Queen excluders are one of the most common and most misunderstood pieces of bee equipment, ranking immediately after the smoker.

Queen excluders are an expert tool, and as such are very useful to experts and a rather chancy for the majority of beekeepers.

There are things to know. Bees are not all the same size and neither are the gaps in all excluders, but for most intents and purposes, we can ignore that fact. I measured some a while back. I don't know if it is representative http://www.honeybeeworld.com/misc/excluders.htm

I did hear of one case where bees that could go thru some plastic excluders in Montana, had problems when moved to Maryland. This from a respected researcher, and he had no explanation.

That having been said, I have never had problems using excluders when I applied my knowledge of bees, but there may be things outside my personal experience.

I've written about excluders previously, and some of that can be found via http://tinyurl.com/cr288b

In summary, however, I have a few rules that work for me:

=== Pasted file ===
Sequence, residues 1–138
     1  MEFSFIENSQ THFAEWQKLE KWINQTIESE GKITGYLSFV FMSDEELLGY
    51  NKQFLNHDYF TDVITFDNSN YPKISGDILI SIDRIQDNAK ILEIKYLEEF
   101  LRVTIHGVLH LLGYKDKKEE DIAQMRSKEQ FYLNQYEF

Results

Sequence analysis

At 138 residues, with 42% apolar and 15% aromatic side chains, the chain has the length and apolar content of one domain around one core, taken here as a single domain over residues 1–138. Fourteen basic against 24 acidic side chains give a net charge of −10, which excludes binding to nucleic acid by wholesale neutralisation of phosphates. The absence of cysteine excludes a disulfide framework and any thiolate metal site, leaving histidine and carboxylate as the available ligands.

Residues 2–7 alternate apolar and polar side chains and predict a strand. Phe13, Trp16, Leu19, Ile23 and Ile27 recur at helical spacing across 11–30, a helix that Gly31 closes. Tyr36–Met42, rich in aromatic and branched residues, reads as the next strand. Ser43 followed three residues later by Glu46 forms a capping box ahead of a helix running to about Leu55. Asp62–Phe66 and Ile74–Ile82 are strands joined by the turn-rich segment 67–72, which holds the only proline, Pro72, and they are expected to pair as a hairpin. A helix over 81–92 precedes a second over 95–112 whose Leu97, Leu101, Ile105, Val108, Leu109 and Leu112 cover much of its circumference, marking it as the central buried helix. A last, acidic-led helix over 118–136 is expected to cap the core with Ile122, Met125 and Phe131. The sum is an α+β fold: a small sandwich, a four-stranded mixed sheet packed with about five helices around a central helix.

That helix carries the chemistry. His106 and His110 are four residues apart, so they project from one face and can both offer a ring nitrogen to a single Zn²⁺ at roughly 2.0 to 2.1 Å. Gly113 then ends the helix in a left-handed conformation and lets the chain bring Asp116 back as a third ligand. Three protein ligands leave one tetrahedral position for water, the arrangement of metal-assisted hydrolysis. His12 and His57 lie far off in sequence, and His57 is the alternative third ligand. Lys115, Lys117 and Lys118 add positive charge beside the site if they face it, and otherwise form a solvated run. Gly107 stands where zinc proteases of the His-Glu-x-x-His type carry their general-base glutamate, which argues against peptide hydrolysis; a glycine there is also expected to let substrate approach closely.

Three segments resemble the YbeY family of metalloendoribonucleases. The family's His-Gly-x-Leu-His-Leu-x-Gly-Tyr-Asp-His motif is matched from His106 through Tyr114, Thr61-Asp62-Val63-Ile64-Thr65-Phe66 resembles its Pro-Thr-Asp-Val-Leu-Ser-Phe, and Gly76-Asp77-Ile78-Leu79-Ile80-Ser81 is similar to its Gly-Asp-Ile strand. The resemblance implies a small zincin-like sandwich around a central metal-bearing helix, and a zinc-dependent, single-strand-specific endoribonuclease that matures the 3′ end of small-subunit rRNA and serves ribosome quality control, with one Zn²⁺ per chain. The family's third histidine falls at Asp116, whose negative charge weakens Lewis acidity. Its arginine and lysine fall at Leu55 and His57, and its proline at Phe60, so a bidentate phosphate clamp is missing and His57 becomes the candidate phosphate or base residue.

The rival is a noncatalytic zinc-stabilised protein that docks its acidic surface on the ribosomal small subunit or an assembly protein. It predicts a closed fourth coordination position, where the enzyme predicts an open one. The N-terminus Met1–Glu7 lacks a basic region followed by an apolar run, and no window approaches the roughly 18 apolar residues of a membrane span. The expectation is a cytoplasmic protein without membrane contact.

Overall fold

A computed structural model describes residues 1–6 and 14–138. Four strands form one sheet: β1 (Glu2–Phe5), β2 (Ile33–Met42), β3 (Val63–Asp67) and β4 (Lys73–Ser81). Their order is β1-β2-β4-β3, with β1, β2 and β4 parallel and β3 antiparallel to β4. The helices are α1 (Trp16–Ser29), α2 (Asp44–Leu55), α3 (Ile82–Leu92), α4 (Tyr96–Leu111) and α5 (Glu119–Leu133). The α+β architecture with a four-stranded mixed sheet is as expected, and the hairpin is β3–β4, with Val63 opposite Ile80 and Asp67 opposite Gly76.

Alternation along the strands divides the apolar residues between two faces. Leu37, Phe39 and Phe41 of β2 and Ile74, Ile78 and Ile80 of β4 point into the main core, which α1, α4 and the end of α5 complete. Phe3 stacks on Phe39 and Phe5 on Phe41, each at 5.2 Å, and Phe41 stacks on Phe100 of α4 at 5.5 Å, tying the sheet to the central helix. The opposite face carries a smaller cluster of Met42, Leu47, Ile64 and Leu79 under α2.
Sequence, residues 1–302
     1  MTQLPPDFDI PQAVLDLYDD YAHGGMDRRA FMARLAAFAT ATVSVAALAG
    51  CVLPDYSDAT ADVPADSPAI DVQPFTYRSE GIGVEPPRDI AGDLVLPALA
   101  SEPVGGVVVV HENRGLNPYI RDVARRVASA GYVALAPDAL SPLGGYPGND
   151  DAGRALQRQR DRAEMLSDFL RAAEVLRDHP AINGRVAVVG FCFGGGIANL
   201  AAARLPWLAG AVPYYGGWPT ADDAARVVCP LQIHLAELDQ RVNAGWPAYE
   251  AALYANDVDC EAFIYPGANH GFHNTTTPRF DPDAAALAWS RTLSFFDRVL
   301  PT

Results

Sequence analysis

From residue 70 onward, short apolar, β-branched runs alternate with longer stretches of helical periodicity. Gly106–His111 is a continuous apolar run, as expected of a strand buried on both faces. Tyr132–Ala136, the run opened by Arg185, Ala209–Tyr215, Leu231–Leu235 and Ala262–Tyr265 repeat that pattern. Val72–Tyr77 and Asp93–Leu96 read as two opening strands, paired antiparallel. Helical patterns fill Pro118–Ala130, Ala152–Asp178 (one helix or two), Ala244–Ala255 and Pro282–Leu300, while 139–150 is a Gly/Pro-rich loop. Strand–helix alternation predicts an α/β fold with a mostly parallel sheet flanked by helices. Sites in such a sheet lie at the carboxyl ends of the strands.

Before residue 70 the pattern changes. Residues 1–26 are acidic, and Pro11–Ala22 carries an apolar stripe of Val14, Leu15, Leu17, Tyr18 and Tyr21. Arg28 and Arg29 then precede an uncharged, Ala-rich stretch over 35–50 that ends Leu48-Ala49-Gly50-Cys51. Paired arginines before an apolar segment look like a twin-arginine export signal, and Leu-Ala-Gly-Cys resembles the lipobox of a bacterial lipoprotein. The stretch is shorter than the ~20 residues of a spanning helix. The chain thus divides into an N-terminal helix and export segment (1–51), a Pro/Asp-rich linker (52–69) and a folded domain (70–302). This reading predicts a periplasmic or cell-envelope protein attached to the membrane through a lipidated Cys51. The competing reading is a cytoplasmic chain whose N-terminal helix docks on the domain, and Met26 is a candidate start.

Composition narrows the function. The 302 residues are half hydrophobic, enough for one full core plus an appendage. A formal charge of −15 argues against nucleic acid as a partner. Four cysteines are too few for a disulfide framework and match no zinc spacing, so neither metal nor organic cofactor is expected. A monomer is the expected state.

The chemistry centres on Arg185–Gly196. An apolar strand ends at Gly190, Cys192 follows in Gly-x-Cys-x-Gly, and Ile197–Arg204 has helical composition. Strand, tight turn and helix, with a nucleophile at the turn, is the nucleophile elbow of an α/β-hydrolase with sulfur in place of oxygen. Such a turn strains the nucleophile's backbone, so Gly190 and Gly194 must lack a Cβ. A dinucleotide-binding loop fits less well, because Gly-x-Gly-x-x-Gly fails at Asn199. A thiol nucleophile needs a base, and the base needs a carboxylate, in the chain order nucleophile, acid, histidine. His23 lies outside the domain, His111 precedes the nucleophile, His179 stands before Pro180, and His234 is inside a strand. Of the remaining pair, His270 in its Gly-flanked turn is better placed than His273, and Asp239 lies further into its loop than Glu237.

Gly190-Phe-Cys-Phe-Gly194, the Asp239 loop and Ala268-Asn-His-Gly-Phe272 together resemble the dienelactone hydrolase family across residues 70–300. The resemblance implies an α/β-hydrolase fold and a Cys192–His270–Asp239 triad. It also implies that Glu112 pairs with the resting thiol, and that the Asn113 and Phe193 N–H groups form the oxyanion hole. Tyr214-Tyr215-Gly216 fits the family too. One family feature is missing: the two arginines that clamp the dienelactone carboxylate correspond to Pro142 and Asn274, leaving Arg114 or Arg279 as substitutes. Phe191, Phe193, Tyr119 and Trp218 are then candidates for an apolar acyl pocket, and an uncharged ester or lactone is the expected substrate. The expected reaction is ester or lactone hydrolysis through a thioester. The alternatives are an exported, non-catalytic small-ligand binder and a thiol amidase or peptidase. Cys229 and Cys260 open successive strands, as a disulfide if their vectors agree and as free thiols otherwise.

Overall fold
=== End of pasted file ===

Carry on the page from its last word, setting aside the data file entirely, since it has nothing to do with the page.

1.) Bees that are used to going through excluders will go through excluders with little encouragement. Bees that have no experience with excluders can be reluctant.

2.) When adding supers in the spring, bees will tend not to go up through supers into newly added boxes.

Bees are reluctant to expand through excluders into newly added drawn combs from storage or foundation unless they need more brood room than they have under the excluder. Thus, they will go up more easily thru an excluder on a single brood chamber than thru an excluder on a double brood chamber and -- even more so -- an excluder on a three-box brood chamber.

All this assumes that the colony has reached the point where additional room is actually required.

In fact, in the latter two cases can be a somewhat difficult, especially when adding cold excluders and new boxes from storage, and if there is a honey barrier and the brood is not near the excluder, they may just sit there or swarm. Thus, reversing before adding excluders and supers is sometimes indicated.

3.) Bees will go back where they were accustomed to being, excluder or no excluder.

Example: If you take a hive that is six or seven boxes high and full of bees top to bottom and stick excluders between all the boxes (say, to isolate the queen to one box so you can find her more easily), the bees will go up and down as if the excluders are not there. Of course drones can be trapped in the boxes and conceivably plug the excluders, so be careful.

The upshot is that you can insert excluders into an established, well populated hive anywhere and not have problems with the bees passing through.